"On the plaintiffs' case, which for purposes of this issue may be assumed to be wholly correct, the covenants against competition were intended, and said by the defendants, to be effective but were in truth wholly ineffective. It seems to me clear beyond argument that from the moment of executing each agreement the plaintiffs suffered damage because instead of receiving a potentially valuable chose in action they received one that was valueless."

    47.  A variation on the "transaction" cases, but one that to my mind shows essentially the same approach, is when a client instructs a solicitor to bring an action for damages. His claim is a chose in action and it is in effect entrusted to the solicitor to bring it to maturity. The solicitor is liable for making his client's chose in action valueless if he carelessly allows it to become statute-barred (or "doomed to failure" because a striking-out application would be bound to succeed: see Clarke LJ in Hatton v Chafes (a firm) [2003] EWCA Civ 341, 13 March 2003, para 23; also Sir Anthony Evans at para 82).

    48.  In all these cases the claimant has as a result of professional negligence suffered a diminution (sometimes immediately quantifiable, often not yet quantifiable) in the value of an existing asset of his, or has been disappointed (as against what he was entitled to expect) in an asset which he acquires, whether it is a house, a business arrangement, an insurance policy, or a claim for damages. Your Lordships have not, I think, been shown any case in which the imposition on a claimant of a purely personal and wholly contingent liability, unsecured by a charge on any of the claimant's assets, has been treated as actual loss. That would have been the position if the claimant in Forster [1982] 1 WLR 86 had given a personal covenant guaranteeing her son's debts (which she seems not to have done—she paid them simply to prevent enforcement of the security on her farm) and if she had not given any security over any of her own assets.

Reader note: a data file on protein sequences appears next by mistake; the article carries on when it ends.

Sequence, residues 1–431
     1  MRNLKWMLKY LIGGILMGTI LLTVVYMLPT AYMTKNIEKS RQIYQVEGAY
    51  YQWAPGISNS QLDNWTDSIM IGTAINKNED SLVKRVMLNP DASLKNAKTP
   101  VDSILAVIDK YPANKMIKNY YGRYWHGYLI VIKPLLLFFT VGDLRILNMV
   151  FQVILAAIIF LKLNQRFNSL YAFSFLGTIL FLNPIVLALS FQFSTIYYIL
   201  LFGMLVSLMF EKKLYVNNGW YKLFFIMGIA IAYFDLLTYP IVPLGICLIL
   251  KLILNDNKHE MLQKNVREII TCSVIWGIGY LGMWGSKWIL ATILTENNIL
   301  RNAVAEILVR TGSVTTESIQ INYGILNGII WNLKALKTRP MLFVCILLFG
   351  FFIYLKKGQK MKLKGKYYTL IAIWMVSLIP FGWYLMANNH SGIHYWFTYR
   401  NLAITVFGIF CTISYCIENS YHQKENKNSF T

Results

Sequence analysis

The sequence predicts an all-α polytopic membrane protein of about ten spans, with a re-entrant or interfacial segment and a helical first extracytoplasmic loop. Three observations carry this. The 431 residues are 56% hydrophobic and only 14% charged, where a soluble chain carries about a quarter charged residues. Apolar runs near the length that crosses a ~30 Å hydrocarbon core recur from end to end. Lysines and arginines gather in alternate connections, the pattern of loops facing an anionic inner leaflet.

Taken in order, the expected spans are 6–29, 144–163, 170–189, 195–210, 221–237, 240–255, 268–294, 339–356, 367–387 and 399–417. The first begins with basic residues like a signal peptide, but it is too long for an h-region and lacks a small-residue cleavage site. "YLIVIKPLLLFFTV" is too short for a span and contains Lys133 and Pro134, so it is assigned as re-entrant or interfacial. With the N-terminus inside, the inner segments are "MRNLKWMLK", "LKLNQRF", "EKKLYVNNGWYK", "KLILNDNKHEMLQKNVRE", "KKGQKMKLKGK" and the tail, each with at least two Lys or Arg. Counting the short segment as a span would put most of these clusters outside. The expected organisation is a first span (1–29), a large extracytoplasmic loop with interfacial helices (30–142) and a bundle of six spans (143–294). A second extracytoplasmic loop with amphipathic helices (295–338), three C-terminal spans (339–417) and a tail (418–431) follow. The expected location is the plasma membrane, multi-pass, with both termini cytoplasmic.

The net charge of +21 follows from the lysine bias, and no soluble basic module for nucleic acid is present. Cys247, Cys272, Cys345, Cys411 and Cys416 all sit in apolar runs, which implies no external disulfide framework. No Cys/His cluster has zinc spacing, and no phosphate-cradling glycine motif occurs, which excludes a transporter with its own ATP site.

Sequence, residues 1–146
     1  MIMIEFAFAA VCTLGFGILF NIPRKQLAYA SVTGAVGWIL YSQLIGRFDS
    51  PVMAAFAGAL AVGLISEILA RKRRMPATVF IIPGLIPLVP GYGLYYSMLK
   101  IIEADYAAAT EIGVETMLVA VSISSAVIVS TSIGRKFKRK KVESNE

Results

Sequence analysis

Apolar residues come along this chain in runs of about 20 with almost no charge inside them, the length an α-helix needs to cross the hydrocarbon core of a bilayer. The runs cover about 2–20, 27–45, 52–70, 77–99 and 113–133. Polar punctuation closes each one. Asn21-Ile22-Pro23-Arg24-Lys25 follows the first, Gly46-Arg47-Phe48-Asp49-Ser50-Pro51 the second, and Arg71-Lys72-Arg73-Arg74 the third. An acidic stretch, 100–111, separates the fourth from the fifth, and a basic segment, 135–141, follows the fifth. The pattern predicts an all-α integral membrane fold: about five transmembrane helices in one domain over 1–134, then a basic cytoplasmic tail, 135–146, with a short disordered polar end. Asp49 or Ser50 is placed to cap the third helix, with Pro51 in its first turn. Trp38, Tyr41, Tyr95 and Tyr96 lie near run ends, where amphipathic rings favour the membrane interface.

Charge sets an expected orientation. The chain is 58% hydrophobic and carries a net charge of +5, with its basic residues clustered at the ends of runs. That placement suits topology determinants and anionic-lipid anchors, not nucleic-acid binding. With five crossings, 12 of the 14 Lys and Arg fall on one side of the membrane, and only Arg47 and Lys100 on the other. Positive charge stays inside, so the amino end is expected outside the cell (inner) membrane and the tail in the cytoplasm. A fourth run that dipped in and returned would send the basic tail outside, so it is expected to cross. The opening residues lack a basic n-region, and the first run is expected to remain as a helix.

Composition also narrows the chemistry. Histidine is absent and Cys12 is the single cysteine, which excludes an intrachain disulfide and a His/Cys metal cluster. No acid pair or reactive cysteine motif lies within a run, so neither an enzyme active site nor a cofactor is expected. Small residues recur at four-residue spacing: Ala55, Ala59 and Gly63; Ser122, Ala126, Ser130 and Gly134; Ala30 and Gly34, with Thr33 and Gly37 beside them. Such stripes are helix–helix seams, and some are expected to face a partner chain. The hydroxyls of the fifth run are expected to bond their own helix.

49.  I do not find it necessary to enter into a detailed discussion of the decision of the High Court of Australia in Wardley Australia Ltd v State of Western Australia (1992) 175 CLR 514. But I respectfully agree with the comment in the judgment of the plurality (Mason CJ, Dawson, Gaudron and McHugh JJ, at p 531),

    "It has been contended that the principle underlying the English decisions extends to the point that a plaintiff sustains loss on entry into an agreement notwithstanding that the loss to which the plaintiff is subjected by the agreement is a loss upon a contingency. For our part, we doubt that the decisions travel so far. Rather, it seems to us, the decisions in cases which involve contingent loss were decisions which turned on the plaintiff sustaining measurable loss at an earlier time, quite apart from the contingent loss which threatened at a later date."

    The footnote to the last sentence refers to Forster and Moore.